// completely disable a feature{
      animate: false
    // enable a feature, use default configuration{
      animate: true
    // enable a feature, custom configuration{
      animate: {
        duration: 3000,
        renderer: 'webgl',

    Or another example:

    // specify one color for all headers
      color: 'gray'
    // specify different colors for individual components
      color: {
        h1: 'gray',
        h2: 'darkred',
        h3: 'gray',
        default: 'black'
  • Too long function names may indicate a lack of abstraction
    If you find yourself giving functions long names, and cannot shorten them without loosing their meaning, this may be a sign that you have to rethink your API. It can be the case that the API has too many functions and needs to be split out in multiple small APIs on different layers:

    // BAD: a verbose API due to lack of abstraction
    // GOOD: split in multiple smaller (and trivial) APIs
    app.user: User
    app.product: Product

    It may also be the case that functions can be bundled together into a single one with an extra option:

    // BAD: too specific functions
    // GOOD:
      type: 'normal'    // Choose from 'normal', 'enterprise', 'student'
      // ... other arguments
  • Create an open, flexible API It’s tempting to create “controlled” APIs where you control exactly what a user can input. Trying to control this easily results in a limited, closed API. For example the following function may look easy and quite flexible:

      name: string, 
      profession: string, 
      city: string

    But this API is limited to a few hardcoded properties. The following approach is much more flexible, and probably easier to remember:

    // functional approach: callback function to filter customers
    customers.find(function (customer) {
      // ... full freedom to match a customer against any criteria
      return == 'John';

    Note that this second approach requires Customer to have a public API, which may be a good thing anyway.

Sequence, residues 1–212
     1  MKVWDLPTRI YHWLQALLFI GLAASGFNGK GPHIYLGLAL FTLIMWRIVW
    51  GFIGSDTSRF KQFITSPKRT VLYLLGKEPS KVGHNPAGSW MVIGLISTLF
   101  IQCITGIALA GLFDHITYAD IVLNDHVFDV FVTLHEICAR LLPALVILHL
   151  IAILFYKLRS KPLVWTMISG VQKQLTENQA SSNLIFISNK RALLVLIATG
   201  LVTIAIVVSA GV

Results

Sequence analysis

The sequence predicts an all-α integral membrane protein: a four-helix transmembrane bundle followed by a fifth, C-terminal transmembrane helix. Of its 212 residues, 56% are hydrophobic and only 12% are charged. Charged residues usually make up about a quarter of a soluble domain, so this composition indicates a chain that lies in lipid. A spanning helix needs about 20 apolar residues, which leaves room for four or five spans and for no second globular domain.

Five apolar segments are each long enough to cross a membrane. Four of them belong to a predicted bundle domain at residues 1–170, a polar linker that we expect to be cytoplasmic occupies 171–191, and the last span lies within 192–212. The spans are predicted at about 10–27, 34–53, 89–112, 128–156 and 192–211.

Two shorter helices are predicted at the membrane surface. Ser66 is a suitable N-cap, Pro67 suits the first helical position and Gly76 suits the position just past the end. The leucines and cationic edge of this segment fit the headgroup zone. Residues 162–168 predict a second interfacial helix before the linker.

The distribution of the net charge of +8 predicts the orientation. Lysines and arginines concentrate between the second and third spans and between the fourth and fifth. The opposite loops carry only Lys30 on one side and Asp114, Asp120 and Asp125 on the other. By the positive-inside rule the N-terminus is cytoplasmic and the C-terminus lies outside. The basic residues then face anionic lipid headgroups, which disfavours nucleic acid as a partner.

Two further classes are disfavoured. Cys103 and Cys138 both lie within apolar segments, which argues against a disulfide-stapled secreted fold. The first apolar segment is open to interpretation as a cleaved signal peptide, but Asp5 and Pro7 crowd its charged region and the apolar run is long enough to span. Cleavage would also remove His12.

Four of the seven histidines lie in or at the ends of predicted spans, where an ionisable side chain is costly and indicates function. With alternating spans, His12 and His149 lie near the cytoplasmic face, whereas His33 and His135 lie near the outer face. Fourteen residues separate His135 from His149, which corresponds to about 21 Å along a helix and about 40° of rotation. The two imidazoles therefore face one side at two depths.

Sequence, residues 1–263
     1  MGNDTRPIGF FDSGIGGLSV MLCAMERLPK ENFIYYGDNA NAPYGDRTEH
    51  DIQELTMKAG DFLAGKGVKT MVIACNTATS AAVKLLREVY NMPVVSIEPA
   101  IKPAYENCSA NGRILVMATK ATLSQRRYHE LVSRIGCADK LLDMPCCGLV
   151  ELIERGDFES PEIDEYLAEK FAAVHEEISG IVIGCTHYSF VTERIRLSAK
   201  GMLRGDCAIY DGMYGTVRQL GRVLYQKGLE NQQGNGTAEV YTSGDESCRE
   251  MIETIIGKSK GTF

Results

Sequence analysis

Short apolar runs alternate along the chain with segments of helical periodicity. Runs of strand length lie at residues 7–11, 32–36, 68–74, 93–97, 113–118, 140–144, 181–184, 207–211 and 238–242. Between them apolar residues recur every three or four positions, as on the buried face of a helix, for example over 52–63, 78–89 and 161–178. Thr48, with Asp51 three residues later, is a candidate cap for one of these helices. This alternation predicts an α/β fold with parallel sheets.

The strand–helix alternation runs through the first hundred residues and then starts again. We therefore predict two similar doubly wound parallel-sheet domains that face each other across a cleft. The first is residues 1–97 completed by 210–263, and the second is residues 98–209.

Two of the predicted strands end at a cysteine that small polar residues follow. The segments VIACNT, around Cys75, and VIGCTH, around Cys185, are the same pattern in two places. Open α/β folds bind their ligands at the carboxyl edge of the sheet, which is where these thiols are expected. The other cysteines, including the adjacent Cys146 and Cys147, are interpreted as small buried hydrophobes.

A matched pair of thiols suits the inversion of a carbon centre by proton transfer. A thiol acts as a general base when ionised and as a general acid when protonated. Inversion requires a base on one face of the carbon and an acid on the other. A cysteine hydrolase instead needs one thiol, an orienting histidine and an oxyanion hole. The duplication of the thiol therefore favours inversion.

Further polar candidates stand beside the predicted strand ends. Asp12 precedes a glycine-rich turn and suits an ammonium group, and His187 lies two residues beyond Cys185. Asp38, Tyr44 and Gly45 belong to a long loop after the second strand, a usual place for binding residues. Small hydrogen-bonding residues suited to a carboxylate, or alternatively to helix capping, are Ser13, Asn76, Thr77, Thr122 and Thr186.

• Adhere to common practice
    If you create a function range(start, end), it is a good idea to exclude end. If you create string or array manipulation functions, it’s a good idea to keep the indexes zero-based. Why? Because all existing (JavaScript) native functions and modules do it like that. You will cause a lot of trouble for your users when deviating from these kind of common practice.

  • Internal and external API
    Typically, a module exposes a small part of the internal API as public API. If you see that the public API is totally different from the API used internally, you may need to rethink the API. Users will start asking for features resembling the internal API that you use yourself. Users want to be just as close to the metal as you yourself.

  • Prevent feature creep
    All modules start out with a cozy and simple API. But as the module matures, the API grows, and there is the danger of “feature creep”. In the end, an API may be so bloated that it’s hardly usable for the average user. To prevent this, at some point the module needs get an extensible architecture: A limited core, enriched with a set of extensions. This extensibility allows users to build custom solutions for their specific needs on top of it, instead of demanding all kind of exotic features to be built in the main product.

  • Write documentation and examples
    By writing docs you will see whether the API is consistent and easy to explain. Writing examples helps a lot in figuring out whether your API works as nicely as you thought beforehand. Main purpose of docs and examples are of course getting your users up and running with your software as smoothly as possible.

  • Look at APIs of popular modules Study the APIs of popular modules to see how they do things and why. One of the reasons they have become the most popular of their kind will be that they have a great API.


The complexity of an API can be measured by the cognitive load it requires to use the API. Factors determining the cognitive load are compactness and consistency of the API, verbosity in common use cases, right function naming, and whether they follow common practice. Depending on the goals of a library, authors may come to different conclusions for similar functionality, like different choices made for the range function by either Ramda and Underscore.

Learning to write APIs which are both simple and flexible requires a lot of practice and takes a life time. Learn from the APIs of popular modules. Pay attention to details in your own APIs. Keep rethinking your API, keep trying to get things more and more logic, consistent, and concise. Watch for feature creep. Aim for an open, extensible API.